Caulking Tutorial

Caulking is one of those things when working on a house project that might seem unnecessary or even a little daunting to do. It can get messy really quickly and when you are at the end of a project, you kind of just want to be done and don’t really want one more thing to do. Caulking can totally change up a space though and give it a finished look whether it’s baseboards, trim, moulding, staircase, shiplap, board and batten, etc. It’s also great on bathroom projects and outdoor projects. I’m going to show you how to caulk baseboards and this is the easiest way I have found to do it. With just a little practice, you’ll be a pro in no time! 

Supplies Needed:

Caulk – This is the kind I use the most. I prefer white over clear because it’s easier to see what you are doing. You need to make sure that it is paintable. 

Caulking Gun 

Spray Bottle 

Old Rags – You’ll need to get them wet

Scissors To Cut The Tip Off Tube Of Caulk

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Start by prepping your area, make sure to wipe everything down so there is no dirt or dust. Then you are going to load your tube of caulk into the caulking gun and tighten it until it’s locked in.

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Once the tube is loaded, you can cut the tip off the tube – you will want to cut as small of a hole as possible and make sure to cut it at an angle. The bigger the hole, the more caulk will come out which can result in a big mess! You can always cut the hole a little bigger if you need more, but it’s best to start out small.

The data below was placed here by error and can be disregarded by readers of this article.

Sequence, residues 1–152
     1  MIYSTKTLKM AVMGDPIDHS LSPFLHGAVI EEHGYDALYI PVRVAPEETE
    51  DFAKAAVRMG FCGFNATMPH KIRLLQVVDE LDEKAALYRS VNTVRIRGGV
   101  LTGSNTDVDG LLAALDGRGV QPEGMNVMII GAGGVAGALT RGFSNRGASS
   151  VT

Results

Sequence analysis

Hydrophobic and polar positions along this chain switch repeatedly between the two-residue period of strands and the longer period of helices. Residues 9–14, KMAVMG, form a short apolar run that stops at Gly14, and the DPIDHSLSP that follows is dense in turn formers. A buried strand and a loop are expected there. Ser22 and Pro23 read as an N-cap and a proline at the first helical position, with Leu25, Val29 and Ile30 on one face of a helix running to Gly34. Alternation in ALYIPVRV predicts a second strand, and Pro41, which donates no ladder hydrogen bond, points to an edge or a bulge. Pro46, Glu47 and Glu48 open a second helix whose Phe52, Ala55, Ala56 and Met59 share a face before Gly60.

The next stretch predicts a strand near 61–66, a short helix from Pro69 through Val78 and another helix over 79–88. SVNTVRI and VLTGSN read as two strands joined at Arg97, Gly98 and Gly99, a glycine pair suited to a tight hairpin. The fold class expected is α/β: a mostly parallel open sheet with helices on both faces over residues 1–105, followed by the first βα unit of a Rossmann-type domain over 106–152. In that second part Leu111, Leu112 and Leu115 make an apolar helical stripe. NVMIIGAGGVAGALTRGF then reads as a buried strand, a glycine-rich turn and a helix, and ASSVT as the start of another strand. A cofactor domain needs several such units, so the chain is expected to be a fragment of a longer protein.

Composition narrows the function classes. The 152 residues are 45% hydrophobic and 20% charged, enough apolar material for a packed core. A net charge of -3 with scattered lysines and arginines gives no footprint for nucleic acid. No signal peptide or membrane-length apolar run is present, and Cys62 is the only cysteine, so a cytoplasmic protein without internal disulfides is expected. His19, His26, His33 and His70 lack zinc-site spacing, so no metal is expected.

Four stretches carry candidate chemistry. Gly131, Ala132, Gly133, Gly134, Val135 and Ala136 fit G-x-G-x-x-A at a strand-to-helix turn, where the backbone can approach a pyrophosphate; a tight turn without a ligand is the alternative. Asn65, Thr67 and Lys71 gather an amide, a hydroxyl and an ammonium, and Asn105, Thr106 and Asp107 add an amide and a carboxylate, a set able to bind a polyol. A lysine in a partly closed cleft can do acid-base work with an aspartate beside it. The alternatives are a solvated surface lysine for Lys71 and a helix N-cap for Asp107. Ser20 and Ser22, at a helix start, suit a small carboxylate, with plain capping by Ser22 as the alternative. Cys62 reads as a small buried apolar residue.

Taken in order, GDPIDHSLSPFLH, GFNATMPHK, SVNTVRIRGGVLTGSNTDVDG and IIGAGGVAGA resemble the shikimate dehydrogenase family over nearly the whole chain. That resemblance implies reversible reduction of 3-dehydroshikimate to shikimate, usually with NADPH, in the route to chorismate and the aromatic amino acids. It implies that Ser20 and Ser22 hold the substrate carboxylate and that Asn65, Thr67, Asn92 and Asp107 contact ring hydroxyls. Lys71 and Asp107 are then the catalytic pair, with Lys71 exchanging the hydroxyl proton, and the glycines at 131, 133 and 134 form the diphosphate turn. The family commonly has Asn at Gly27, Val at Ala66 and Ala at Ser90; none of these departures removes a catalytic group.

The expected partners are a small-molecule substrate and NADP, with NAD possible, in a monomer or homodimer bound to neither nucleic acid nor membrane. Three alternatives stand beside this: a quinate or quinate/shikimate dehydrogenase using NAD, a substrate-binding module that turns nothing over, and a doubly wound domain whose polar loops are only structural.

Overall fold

When your tube is ready to go, you simply push down the handle and run the tip along the edge of the baseboard where the baseboard meets the wall. You can do as little or as much at one time that you’d like. I usually do about 10-15 inches before I stop and do the next step. 

Grab your spray bottle and squirt the line of caulk that you just laid down and then run your finger over the line to remove any excess. Take your wet rag and run the rag over the line to smooth it out and to dry up any water. Wipe your finger on a different wet rag and move onto caulking the next line. I like to keep one rag to wipe my finger and one rag to smooth and wipe the area I’m working on. 

You can start the next line right where you left off and once you follow the steps above it will all blend in seamlessly. 

These baseboards that I’m working on will need a coat of paint after I finish caulking, but depending on your project this could be your very last step and you could be done. Check out the before and after below – such big difference! 

I’ve had quite a few people reach out and ask me about caulking so hopefully this tutorial helps! Shoot me an email or DM if you have any questions. For more links of our favorite products that we love, check out our Amazon page.

 – Kim

 

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